Work permits for 'drunken and undesirable' Irish

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The Independent Online
THE Government considered imposing a work-permit system on Irish nationals who came to Britain, papers released under the 30-year-rule show today.

The documents also reveal fears over rising immigration and a Cabinet complaint about the growth of "so-called Chinese restaurants", while Poles, "whose cooking is excellent", were kept out of the country.

Papers from 1961, available for the first time, canvassed the possibility of workers from Ireland being made subject to the work-voucher system or making it a criminal offence for them to take a job without Ministry of Labour permission. Both options were rejected as unworkable, and better statistical monitoring of immigration from Ireland was seen as more feasible.

In a remarkably worded memorandum, Sir Norman Brook, then Cabinet Secretary, noted that "some people feel that too many Irishmen come over here, that they are a drunken and undesirable lot, and that we should do better to keep them out".

This notion was rejected because it "does not make any sense, in practical terms, to try to control movement from this to other parts of the British Isles". Thus the Irish were exempted from the 1962 Commonwealth Immigrants Act which imposed the work-voucher system.

But the fear of rising immigration surfaced around the Cabinet table two years later as the Conservatives threatened to make race an issue in the 1964 general election campaign.

In 1962 the Government had legislated, but in April 1964 the Cabinet asked the Home Secretary to look again at the work"voucher" (or permit) system and, in particular, at changes which would require immigrants to spend longer in the UK before achieving exemption from deportation.

With the Commonwealth heads of government due to meet, Sir Burke Trend, the Cabinet Secretary, observed that action"would be unfortunate and that it would be wiser to leave both problems until after the General Election". That was not good enough for Frederick Erroll, Minister for Power, who wrote to the Prime Minister: "I am not a racialist, but having travelled round the world a good deal and seen the problems which mixed races can cause, I can see no justification for importing a race problem."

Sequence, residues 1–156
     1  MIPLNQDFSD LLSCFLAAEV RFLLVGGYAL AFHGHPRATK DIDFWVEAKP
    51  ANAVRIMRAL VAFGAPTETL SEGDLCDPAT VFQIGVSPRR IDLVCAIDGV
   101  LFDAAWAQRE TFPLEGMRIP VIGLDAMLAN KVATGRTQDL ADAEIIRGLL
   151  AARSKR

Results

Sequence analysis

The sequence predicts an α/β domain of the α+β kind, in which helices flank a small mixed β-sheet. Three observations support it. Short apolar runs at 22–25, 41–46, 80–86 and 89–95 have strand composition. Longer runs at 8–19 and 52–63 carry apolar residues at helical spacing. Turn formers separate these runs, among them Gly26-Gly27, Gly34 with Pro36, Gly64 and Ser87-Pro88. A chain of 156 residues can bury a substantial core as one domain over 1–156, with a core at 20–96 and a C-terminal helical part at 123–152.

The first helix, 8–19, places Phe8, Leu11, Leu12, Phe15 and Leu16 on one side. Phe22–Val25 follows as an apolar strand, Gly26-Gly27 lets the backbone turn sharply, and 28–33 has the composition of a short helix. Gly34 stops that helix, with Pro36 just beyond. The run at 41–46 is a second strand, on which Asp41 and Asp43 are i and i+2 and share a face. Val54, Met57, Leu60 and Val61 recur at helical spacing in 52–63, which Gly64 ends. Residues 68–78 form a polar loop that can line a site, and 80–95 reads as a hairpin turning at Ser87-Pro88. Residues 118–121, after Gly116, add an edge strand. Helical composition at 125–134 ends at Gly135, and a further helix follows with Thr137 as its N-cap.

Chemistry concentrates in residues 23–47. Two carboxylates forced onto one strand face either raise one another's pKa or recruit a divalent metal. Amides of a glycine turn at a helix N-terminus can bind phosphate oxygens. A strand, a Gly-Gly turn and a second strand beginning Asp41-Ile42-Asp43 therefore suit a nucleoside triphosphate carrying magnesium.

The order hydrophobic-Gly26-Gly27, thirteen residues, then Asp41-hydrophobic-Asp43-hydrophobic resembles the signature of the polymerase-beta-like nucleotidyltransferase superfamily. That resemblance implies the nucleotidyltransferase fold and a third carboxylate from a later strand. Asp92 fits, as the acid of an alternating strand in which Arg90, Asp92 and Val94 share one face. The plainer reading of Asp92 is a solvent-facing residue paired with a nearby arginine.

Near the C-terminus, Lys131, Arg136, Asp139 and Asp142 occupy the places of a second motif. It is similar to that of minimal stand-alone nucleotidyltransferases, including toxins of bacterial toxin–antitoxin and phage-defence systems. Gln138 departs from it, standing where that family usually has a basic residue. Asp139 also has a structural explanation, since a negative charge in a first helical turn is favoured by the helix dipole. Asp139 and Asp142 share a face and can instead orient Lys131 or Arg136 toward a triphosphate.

He added: "On a lighter note, we are very tough about Polish immigrants, whose cooking is excellent, but so-called Chinese restaurants are springing up everywhere - in Gateshead, and even in true-blue Altrincham! I believe we should control rigidly all immigration, from whatever source, on a non-discriminatory basis. I believe, further, that our own natives would welcome such a declaration." The note was annotated by the PM: "I would like this on the Cabinet agenda reasonably soon".

On 31 July the Home Secretary, Henry Brooke, circulated a paper arguing that "the immigrants tend to concentrate in particular areas, and this gives rise to serious social problems. We must have our eyes open to the certainty that continued immigration at the present rate [50,000-60,000 a year], together with a high birthrate, is bound to build up much graver social problems in the future".

Mr Brooke proposed a halving of annual immigration via stricter rules which would not necessarily need legislation, ultimately reducing work vouchers from 40,000 a year to 13,000.

His draft statement, toned down at the suggestion of Sir Burke, argued that the Government had decided three years earlier "that Britain could no longer continue to absorb immigrants at the high rate at which they were arriving"; with voluntary efforts in place the numbers "showed no sign of diminishing".

Legislation, the draft argued, "must be tightened up", and while there was no question of racial discrimination, "this is a small and already densely populated country, and social tensions will heighten if immigrants are allowed to come in faster than they can be absorbed".

The Government did not survive to implement its crackdown but "social tensions" were reflected in the general election campaign in Smethwick.